Using the Microsoft Fingerprint Reader With Firefox
Password security can be a hassle for the most savvy of users. Creating strong, unique passwords and then remembering them all is a lot to ask. On September 4th, 2004, Microsoft aimed to solve that issue by releasing a device that would replace passwords completely, conveniently allowing users to log into their computer and into websites with a touch of their finger instead. Called the fingerprint reader, it was just that. It registers and stores an image of your fingerprint, and when you touch the reader, it recognizes your unique fingerprint and accesses your passwords from there. The fingerprint reader for Firefox works in conjunction with Digital Persona, which securely stores the passwords for you.
All of that sounds great, but Microsoft stopped manufacturing the reader, and they offer no drivers for any 64-bit versions of their operating systems. In addition, as of the release of Windows 7, Microsoft has announced that they have no intention to offer further support for the product. However, if you have the 32-bit version of Windows 7, it is still possible to get it to work by changing a couple of things in the installation. It is entirely incompatible with the 64-bit version, unfortunately.
If you already have a fingerprint reader, great. If not, they’re no longer manufactured, but you should be able to obtain a used one. As for installing, if you have a 32-bit Windows operating system installed on your PC that is Vista or older, the drivers for the device will work be readily available and the device will work as it should. If you have the 32-bit version of Windows 7, Blogfeld, a digital tips and tricks blog, provides a great guide to installing the reader on your PC. If you have a 64-bit operating system, you are out of luck.
Screenshot fingerprint reader courtesy of FatWallet.
Installing The Fingerfox SE Fingerprint Addon For Firefox
Alright, so you’ve found a fingerprint reader, and you’ve managed to get it working on your version of Windows. But why won’t it work in Firefox now? Well, it’s made by Microsoft, which means it was designed to work in Internet Explorer. There was an addon made years ago called Fingerfox, which caused Firefox to support the reader. However, the newest version of Firefox it works with is 2.0, so unless it’s been a long time since you’ve updated your version of Firefox, that’s going to be of no use to you.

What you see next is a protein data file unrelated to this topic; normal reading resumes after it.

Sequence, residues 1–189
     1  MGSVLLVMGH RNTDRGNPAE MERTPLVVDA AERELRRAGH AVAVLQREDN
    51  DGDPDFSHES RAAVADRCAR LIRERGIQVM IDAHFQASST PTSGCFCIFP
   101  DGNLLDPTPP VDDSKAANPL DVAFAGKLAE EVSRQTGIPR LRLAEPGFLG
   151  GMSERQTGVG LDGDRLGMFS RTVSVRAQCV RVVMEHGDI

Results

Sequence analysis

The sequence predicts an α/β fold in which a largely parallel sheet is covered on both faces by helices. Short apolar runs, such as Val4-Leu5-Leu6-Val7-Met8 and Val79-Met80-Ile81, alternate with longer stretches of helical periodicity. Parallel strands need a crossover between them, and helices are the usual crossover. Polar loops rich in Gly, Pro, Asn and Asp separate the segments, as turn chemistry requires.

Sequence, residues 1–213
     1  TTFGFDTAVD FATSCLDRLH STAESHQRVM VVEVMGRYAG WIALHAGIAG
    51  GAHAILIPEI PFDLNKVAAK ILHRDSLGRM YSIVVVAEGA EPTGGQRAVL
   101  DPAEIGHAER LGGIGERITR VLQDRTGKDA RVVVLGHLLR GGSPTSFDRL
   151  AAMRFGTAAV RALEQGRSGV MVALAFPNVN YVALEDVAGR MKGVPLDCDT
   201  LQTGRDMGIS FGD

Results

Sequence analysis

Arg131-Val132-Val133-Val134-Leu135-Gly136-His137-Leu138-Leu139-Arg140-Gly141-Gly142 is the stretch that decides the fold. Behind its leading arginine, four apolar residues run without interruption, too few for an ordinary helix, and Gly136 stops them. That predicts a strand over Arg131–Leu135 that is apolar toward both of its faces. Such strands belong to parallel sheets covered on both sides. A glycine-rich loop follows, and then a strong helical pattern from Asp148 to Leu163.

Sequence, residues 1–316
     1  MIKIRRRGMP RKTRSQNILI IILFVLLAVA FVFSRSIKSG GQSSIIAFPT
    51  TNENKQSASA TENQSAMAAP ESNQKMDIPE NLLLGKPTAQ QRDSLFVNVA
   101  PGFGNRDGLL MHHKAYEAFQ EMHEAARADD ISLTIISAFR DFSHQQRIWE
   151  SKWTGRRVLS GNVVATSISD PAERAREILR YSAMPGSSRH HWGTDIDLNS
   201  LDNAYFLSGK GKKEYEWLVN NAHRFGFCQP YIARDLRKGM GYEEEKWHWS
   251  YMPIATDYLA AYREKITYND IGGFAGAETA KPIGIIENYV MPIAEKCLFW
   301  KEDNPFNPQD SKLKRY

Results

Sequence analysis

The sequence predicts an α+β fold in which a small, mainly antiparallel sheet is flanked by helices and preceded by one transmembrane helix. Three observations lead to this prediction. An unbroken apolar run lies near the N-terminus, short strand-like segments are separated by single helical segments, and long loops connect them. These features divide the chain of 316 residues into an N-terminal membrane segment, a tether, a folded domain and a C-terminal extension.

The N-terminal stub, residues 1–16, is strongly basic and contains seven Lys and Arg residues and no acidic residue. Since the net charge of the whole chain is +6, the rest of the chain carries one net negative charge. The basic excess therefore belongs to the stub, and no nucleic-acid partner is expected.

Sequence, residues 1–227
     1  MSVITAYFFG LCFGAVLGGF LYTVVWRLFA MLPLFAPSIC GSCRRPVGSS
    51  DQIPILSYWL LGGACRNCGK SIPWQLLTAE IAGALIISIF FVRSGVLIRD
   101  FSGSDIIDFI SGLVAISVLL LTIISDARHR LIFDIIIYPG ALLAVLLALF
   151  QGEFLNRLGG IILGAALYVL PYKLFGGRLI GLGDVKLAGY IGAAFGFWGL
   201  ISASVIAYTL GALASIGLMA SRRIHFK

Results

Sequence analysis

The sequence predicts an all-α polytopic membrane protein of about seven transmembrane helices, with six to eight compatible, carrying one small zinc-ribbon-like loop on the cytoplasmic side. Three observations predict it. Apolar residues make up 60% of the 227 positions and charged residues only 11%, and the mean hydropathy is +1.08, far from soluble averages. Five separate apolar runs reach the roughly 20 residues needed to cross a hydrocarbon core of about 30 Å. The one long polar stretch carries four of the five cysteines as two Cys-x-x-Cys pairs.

Luckily, there’s Fingerfox SE (second edition). This is an extended edition of the original plug-in, designed to work with the newest versions of Firefox. Also, in case the link in the addons section of Mozilla’s page ever doesn’t have the latest version available for download, that can always be found on the developer’s website. Once you’ve downloaded it, go ahead and open the installer and follow the prompts you’re given. As well, since Fingerfox SE is an addon with current and consistent support, the rest of your software should be current as well. Make sure you’ve got a new version of Digital Persona, and be sure to have MS. Net Framework 2.0 installed as well. With all of that in place, your fingerprint reader should work just fine in Firefox now.
Screenshot FingerFox SE credit courtesy of Mozilla Addons.
Using Fingerfox SE
Using the Fingerfox addon is pretty simple as well; it works just the same as it would on Internet Explorer. Go to a site that you want to save your password to and click the icon in the status bar or press Alt+X to open the Fingerfox window. Now, teach Digital Persona your information by pressing your finger to the fingerprint reader, and filling in the login information in Digital Persona. This should now be stored and remembered for future use.
To login using this information later, go back to the site and open Fingerfox by again clicking on the icon or pressing Alt+X, and then simply press your finger to the reader and your login information will be filled in. To eliminate the hassle of always having to manually open the reader first, it can be set to automatically open on that site using the automatic pop-up option once the icon is selected. There is also an Identify field in the options, where it can be set to identify either by host or by site. If set to host, the addon will pop up on all sub-sites of the current site (meaning if login is required in various areas of the site it will pop up for all of them). If set to site, it will pop up only on the current site.
Finally, because the reader was designed for IE, there are some sites that may not work automatically with the addon. It shouldn’t come up often, and it shouldn’t come up with bigger sites, but some poorly coded sites may cause issues. Those sites need to be manually added by the developer. There is a report site feature in the addon options that you can use to inform the developer, and then hopefully, it will be added soon.
Again, refer to the developer’s site, which provides a guide to usage as well as a FAQ, if you have any further issues, but if you’ve got the proper software in place, you should have no trouble at all. Now you can just tap your finger to log in, instead of having to type out all those usernames and passwords with these easy tips on how to use the fingerprint addon for Firefox.
Screenshot FingerFox SE Login courtesy of Amews.